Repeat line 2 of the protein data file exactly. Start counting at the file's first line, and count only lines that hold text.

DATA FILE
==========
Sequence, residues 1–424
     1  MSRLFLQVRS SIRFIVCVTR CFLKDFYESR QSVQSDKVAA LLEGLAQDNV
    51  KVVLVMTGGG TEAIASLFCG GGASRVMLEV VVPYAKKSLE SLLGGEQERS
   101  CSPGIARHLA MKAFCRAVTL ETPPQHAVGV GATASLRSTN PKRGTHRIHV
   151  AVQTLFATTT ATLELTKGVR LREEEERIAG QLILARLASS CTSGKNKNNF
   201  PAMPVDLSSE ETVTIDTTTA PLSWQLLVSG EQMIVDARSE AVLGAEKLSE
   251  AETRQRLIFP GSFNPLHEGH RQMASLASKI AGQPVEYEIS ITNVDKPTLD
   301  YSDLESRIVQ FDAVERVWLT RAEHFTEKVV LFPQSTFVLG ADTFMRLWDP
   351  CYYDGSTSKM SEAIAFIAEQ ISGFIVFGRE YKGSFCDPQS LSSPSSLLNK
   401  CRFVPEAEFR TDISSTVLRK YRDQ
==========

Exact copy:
     1  MSRLFLQVRS SIRFIVCVTR CFLKDFYESR QSVQSDKVAA LLEGLAQDNV